“For this reason, we cherry-pick the best writers and publishing houses from across the region—some already eminent in the industry, and others of them emerging.

“This,” Ward tells Publishing Perspectives, “means that the stories and writing styles are diverse and thus more likely to grab a variety of children’s attention.

“That range incorporates the miscellany of the Arabic language, from classic Arabic to language used daily to varying dialects used by more than 400 million speakers worldwide. While classic Arabic can present a range of problems for a child within it ensuing complexities, it can often be difficult for children to digest in the early development years. We notice this to be a challenge and Lamsa have since strategized to tackle this problem by coercing with specialists in order to provide a comprehensive language closer to every day language without compromising on the richness Arabic has to offer.”

An image from the Lamsa app

An image from the Lamsa app

3. Parent-child interaction. “Another key objective in Lamsa’s mantra is the importance of parent-child interaction when it comes to a child’s education. This is two-fold:

  • First, it’s our aim to encourage parents to spend time with their children on the app to adequately monitor their children’s development and spend time bonding.
  • Second, we see buying the app as a way that parents can invest in their children’s education.

To address the former, the app presents plenty of opportunities within the content itself for the child to complete the task with a parent present. This way Lamsa enriches the parent-child relationship and allows the parent to monitor and supervise a child’s educational progress.

And as an investment, the app gives a child access to hundreds of titles in classic literature, games, activities, and videos.

‘We Want This To Be a Movement’
An image from the LamsaWorld.com site

An image from the LamsaWorld.com site

Publishing Perspectives: How does the Lamsa content and app answer needs you see in traditional education?

Badr Ward: Our education system places so much emphasis on writing and repetition that it creates negative connotations with the word learn in children’s minds. But when we take technology and make it possible for children to learn through playing and exploring and creating, they’ll carry that with them for the rest of their lives.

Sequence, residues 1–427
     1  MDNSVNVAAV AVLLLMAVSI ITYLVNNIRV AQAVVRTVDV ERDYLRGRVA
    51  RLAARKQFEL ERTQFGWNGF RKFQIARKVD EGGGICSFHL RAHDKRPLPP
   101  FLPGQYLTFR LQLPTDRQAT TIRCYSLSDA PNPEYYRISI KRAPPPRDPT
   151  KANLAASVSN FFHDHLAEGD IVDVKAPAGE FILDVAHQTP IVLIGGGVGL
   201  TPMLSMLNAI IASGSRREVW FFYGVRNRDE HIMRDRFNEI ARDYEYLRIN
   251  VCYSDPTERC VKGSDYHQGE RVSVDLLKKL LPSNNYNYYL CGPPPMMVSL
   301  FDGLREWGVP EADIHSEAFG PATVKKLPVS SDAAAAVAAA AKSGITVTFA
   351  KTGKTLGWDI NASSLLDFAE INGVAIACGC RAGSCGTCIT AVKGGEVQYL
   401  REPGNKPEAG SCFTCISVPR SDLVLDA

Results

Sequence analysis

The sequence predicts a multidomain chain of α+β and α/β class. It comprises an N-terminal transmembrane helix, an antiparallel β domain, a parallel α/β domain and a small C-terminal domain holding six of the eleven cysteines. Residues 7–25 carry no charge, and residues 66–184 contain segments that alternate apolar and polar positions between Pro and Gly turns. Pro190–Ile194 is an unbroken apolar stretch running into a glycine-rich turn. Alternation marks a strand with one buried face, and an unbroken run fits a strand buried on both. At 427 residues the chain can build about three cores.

PP: How would you describe the way Lamsa-like technology can support traditional educational approaches?

BW: An education system should nurture and improve on a child’s nature.

  • If a child is inclined toward books, then technology can enable a whole library of books that will act as portals for children simply at their fingertips.
  • If a child is naturally a mathematician or a scientist, then technology can provide an endless supply of problems to solve.
  • And if a child is naturally an artist, technology can aid them in creating early-learning masterpieces and let them develop an individual technique.

PP: In other words, a good educational approach capitalizes on the child’s natural capabilities.

BW: There’s a saying: “Everybody is a genius, but if you judge a fish by its ability to climb a tree, then it will spend its whole life believing itself to be stupid.”

PP: What would it take for approaches like Lamsa’s to be more readily adopted on a wider basis?

BW: Before we can use our technology effectively as a tool, a culture must understand that exploration, innovation, and creativity are vital to a child’s development. It’s for this reason that we want to be more than just a company that educates through technology. We want this to be a movement.

Here’s a promotional video, in Arabic, about Lamsa and how children interact with its technology.

In addition to our Markets white paper, you can read our series of interviews and information in relation to The Markets: Global Publishing Summit (18 October 2016) from Publishing Perspectives and the Frankfurt Book Fair.
The Markets logo

This year’s program will showcase the following seven markets:

  1. Brazil
  2. Flanders & The Netherlands (Guest of Honor)
  3. Philippines
  4. Poland
  5. Spain
  6. United Arab Emirates
  7. United Kingdom

The Markets’ programming highlights each of these seven publishing territories from three perspectives: analysis, vision, and industry players. The day is devised to provide attendees not only with information and insights into the most important features of each industry market, but also with extensive networking opportunities during the event.

About the Author

Porter Anderson

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Porter Anderson has been named International Trade Press Journalist of the Year in London Book Fair's International Excellence Awards. He is Editor-in-Chief of Publishing Perspectives. He formerly was Associate Editor for The FutureBook at London's The Bookseller. Anderson was for more than a decade a senior producer and anchor with CNN.com, CNN International, and CNN USA. As an arts critic (Fellow, National Critics Institute), he was with The Village Voice, the Dallas Times Herald, and the Tampa Tribune, now the Tampa Bay Times. He co-founded The Hot Sheet, a newsletter for authors, which now is owned and operated by Jane Friedman.